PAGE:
The city’s Fitbit Corporate Platform started in January 2017 and allows the Wellness team to track employees’ activity and motivate them through Fitbit challenges.

“We can attach 5,000 Fitbits to it,” Freeman said. “Right now, we have 350 spread across seven city departments.”

Fitbit distribution depends on participation, Freeman said.

“Whoever wins challenges gets more Fitbits for their departments. Once they get more Fitbits, they can create more interdepartmental teams,” she said.

Challenges fuel motivation for change

Gonzales said the increased physical activity was not easy but that family, friends and co-workers encouraged her.

“It was hard at first. Walking 3,500 steps a day was unbearable for me,” Gonzales said. Then I noticed my steps increased. I set my goal to be 5,500 steps per day.

image weight inside

“I gradually advanced to 7,000 steps a day,” she said. “Right now, I’m averaging anywhere from 11,000 to 16,000 steps a day.”

Since June 2017, Gonzales has taken more than 1 million total lifetimes steps thanks to her participation in various internal and external Fitbit challenges. That’s almost 500 miles, or nearly the equivalent of walking from Houston to Little Rock, Ark.

City employees across participating departments have combined to take more than 200 million steps from January 2017 to August 2017. That amounts to more than 90,000 miles.

“If I could take a shortcut, I would,” Gonzales said. “Now, I tend to take the long route.”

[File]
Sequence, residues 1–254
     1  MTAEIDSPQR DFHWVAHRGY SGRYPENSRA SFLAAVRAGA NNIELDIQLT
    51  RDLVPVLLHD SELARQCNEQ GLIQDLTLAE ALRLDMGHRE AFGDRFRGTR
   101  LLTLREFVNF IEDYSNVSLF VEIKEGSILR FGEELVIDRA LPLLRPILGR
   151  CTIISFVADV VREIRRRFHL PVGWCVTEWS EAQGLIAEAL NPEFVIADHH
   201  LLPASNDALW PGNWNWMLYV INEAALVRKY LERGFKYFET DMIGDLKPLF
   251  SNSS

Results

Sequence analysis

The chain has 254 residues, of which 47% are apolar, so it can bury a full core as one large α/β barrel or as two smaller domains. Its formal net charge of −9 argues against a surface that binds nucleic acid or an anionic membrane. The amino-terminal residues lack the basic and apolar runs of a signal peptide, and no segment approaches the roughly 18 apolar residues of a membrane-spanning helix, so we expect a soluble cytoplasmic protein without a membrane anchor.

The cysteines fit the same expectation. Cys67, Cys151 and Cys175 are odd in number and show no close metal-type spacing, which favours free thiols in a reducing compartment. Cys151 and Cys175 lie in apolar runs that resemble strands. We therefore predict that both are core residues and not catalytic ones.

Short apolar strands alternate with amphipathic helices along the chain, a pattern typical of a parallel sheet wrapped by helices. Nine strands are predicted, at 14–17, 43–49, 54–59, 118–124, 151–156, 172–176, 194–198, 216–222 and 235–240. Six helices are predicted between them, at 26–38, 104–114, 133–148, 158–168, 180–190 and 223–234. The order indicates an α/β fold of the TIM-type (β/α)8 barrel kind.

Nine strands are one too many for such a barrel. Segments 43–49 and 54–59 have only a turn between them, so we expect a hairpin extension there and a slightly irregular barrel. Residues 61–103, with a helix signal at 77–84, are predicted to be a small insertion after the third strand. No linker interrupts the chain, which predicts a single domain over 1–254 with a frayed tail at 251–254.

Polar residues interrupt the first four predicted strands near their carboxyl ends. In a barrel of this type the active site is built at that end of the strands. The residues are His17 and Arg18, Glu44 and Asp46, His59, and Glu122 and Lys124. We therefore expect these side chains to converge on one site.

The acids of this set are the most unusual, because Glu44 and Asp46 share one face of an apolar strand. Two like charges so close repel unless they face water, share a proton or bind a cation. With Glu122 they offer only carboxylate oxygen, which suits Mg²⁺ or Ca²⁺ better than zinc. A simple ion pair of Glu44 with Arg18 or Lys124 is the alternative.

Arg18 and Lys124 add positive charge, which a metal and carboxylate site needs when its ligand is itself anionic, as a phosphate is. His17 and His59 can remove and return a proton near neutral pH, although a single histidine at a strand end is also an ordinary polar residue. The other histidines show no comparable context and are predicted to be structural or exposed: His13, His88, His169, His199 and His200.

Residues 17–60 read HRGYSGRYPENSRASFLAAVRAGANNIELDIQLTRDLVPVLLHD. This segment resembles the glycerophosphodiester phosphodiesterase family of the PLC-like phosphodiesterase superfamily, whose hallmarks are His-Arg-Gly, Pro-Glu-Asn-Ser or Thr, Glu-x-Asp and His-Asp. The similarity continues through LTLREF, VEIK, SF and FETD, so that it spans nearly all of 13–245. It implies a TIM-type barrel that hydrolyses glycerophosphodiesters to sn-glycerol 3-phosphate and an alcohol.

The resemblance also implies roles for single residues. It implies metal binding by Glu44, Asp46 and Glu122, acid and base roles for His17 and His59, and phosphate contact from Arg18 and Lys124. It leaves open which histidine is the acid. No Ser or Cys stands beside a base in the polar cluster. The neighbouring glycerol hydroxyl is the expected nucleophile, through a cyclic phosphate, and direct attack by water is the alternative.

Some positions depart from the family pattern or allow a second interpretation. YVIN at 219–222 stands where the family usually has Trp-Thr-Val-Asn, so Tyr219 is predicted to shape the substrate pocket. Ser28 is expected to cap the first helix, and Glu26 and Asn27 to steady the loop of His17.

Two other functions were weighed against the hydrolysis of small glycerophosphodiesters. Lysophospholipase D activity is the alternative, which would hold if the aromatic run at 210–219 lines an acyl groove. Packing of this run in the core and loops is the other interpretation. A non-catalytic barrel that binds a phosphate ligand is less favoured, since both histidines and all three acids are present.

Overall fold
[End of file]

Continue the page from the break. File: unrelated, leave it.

Gonzales’ persistence has helped her reach some long-desired health milestones.

“In the last couple of months, I haven’t had to use my CPAP machine to sleep,” said Gonzales who has used a continuous positive airway pressure therapy device to treat her sleep apnea since January 2017. “And it’s been while since I’ve had an asthma flare-up.

“I sleep, I rest, I wake up and I’m energetic,” she said.

Gonzales’ improvements in breathing and sleeping aren’t the only health benefits she’s experienced since joining the program.

So far, Gonzales has lost 15 pounds, reduced her waistline by four inches, increased her water intake from 16 ounces to 48 ounces a day, and has eliminated soda and Starbucks from her diet.

And that’s not all.

Each year city employees enrolled in a city health insurance plan who complete a biometrics screening, an online health assessment, and wellness activities, receive a discount on their health insurance premiums.

After completing her biometrics screening in August 2016, Gonzales was told she had a reduction in her total LDL cholesterol, or “bad” cholesterol, and an increase in her HDL cholesterol, or “good” cholesterol. LDL cholesterol can increase a person’s risk for heart attack and stroke, whereas HDL cholesterol can reduce the risk of heart attack and stroke, according to the American Heart Association.

“It has helped me tremendously,” said Gonzales of her participation in the program.

“The ultimate goal is for the participants to increase their physical activity, which will in turn hopefully improve their health and help them manage any chronic conditions they may have,” Freeman said.

To learn more about the pilot Fitbit program, contact Ashley Freeman at Ashley.Freeman@houstontx.gov.

 

Read 40 times Last modified on Monday, 13 November 2017 22:00